Over the first four games of the season, Duke’s struggles have become overwhelmingly apparent.
Not only do the Blue Devils have two losses, but they have not looked like the team they were expected to be coming into the season.
This slow start throws a looming question mark over the team’s future, leaving many wondering if this Duke squad has the chemistry to succeed. Frankly, in these early games, the Blue Devils have looked more like a group of individuals and not the cohesive unit that is needed to succeed in college basketball. But most importantly, they need to find a team identity before ACC play.
The solution to that missing identity all starts on the defensive end.
Defensive players like senior Jordan Goldwire and freshman Mark Williams should be given significant playing time and used as major pieces of the team. Over the first four games, Goldwire has racked up 11 steals, crippling opposing guards and making important plays that don’t show up on stat sheets.
Similarly, Williams has four blocks in just 30 minutes, and the impact of his post presence is clear even outside the box score. With more minutes, Williams and Goldwire could continue to restrict opposing offenses and bring greater success for the Blue Devils.
As a team that is often able to rely on talent to win games, Duke rarely needs to rebrand its style of play during a season. However, if we’ve learned anything in these opening games, we know that change is often a prerequisite for success in this bizarre year.
Head coach Mike Krzyzewski has the time to remodel this team’s identity if he chooses to do so, as Duke has just two games in all of December following the cancellation of the rest of its yet-to-be-played nonconference games.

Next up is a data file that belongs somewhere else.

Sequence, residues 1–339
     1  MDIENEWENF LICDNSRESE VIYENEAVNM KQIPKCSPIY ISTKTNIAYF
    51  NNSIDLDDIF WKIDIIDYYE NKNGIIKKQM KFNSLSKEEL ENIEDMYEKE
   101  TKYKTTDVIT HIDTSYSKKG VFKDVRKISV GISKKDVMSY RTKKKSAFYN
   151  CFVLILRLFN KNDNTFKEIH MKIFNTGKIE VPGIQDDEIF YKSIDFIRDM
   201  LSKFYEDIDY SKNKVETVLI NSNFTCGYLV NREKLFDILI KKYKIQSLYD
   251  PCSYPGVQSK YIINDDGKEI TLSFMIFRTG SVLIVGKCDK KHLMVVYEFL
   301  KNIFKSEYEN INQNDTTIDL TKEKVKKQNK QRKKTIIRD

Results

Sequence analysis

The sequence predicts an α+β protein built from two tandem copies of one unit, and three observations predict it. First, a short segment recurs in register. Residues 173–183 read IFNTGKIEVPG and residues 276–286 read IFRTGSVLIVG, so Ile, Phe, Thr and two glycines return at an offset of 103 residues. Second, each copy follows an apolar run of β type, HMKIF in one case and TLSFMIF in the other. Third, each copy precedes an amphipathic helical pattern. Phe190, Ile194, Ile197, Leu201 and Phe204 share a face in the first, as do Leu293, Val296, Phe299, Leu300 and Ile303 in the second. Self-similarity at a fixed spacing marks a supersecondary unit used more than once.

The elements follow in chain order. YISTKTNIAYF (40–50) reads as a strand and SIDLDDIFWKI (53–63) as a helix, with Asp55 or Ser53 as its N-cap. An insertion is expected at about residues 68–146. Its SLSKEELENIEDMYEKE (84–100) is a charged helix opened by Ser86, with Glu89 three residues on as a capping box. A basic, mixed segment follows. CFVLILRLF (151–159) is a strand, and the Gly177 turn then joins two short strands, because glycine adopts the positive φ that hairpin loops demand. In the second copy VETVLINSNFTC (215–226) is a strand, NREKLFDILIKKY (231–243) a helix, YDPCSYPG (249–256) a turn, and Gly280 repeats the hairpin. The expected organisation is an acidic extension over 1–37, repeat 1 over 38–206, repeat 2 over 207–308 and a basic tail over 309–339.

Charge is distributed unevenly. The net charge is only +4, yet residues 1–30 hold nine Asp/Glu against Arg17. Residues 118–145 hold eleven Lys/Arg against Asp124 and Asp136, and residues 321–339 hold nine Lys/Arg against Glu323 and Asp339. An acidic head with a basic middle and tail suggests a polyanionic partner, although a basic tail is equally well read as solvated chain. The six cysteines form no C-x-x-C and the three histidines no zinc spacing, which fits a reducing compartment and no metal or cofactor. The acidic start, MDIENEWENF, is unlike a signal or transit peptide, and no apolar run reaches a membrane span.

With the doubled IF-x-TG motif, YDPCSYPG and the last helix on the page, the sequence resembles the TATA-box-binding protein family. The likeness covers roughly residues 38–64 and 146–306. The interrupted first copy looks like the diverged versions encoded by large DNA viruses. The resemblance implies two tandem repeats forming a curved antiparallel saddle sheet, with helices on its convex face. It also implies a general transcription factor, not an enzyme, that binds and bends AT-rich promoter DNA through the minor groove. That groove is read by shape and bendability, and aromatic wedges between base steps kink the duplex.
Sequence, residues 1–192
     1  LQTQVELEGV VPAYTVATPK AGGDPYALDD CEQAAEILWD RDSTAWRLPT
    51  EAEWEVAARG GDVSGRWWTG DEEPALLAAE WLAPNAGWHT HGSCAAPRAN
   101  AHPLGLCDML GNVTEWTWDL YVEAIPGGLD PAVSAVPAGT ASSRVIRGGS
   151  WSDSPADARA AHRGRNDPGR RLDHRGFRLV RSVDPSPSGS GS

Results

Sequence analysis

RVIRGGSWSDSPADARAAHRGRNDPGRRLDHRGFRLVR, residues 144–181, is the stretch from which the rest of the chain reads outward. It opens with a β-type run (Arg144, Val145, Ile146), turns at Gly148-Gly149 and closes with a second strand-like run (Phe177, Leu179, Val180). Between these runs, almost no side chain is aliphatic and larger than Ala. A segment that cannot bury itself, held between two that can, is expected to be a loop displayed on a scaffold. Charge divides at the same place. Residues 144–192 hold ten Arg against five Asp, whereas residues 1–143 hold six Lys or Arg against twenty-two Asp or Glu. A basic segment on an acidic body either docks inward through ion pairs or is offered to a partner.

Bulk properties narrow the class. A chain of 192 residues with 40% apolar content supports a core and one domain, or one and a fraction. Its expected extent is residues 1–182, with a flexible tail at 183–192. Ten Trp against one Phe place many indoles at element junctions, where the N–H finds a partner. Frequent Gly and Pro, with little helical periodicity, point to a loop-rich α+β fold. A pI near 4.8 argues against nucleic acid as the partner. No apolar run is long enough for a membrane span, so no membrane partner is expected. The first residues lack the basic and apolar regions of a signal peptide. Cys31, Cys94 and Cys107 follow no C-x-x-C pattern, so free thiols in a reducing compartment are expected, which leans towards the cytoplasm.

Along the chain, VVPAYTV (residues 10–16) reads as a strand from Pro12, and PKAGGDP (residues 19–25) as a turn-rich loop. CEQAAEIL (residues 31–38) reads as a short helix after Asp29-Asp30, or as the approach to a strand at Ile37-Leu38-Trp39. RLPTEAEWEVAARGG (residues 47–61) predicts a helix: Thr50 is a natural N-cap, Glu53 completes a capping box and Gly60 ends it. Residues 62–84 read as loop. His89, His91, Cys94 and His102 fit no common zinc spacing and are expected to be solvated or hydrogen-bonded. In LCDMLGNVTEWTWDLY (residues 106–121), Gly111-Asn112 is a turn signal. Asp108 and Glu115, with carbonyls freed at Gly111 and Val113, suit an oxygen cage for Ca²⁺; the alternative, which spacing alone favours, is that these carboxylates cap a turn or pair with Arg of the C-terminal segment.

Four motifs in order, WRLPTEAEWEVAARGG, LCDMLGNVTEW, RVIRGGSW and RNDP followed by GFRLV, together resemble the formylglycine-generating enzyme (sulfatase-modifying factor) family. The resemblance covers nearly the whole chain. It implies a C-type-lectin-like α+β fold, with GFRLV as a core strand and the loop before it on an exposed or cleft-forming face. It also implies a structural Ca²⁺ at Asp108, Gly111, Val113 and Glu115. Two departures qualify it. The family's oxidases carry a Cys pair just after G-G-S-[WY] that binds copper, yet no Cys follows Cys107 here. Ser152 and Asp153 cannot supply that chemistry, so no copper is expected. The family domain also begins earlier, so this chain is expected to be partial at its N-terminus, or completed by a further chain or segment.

In my mind, Krzyzewski needs to look no further than ACC rival Virginia for inspiration. Over the last several years under head coach Tony Bennett, the Cavaliers have had success with their defensive emphasis, winning two ACC tournaments over the last seven seasons and capturing the 2019 national championship.
Interestingly, Virginia has achieved all this without the top recruiting classes of the Blue Blood schools and often without individual stars. Instead, the Cavaliers use stifling team defense to wear down their opponents and win without the flash of a typical highly-ranked team.
In fact, in its 2018-19 championship-winning season, Virginia allowed just 56.1 points per game, the lowest in the country. While that number is unrealistic to expect out of any team, I believe that a shift toward a defensive mentality could create a more cohesive and competitive Blue Devil squad almost immediately.
As a whole, Duke needs to focus on greater team basketball, both on defense and offense. The shift in mindset on the defensive end would likely spread to the other end of the court as well, promoting more passing and cooperative motion on offense.
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In the coming weeks, Krzyzewski has a chance to revamp this team, and hopefully he takes that chance to establish a defensive intensity. With that new identity, the Blue Devils could storm into ACC play as the powerhouse we all expected.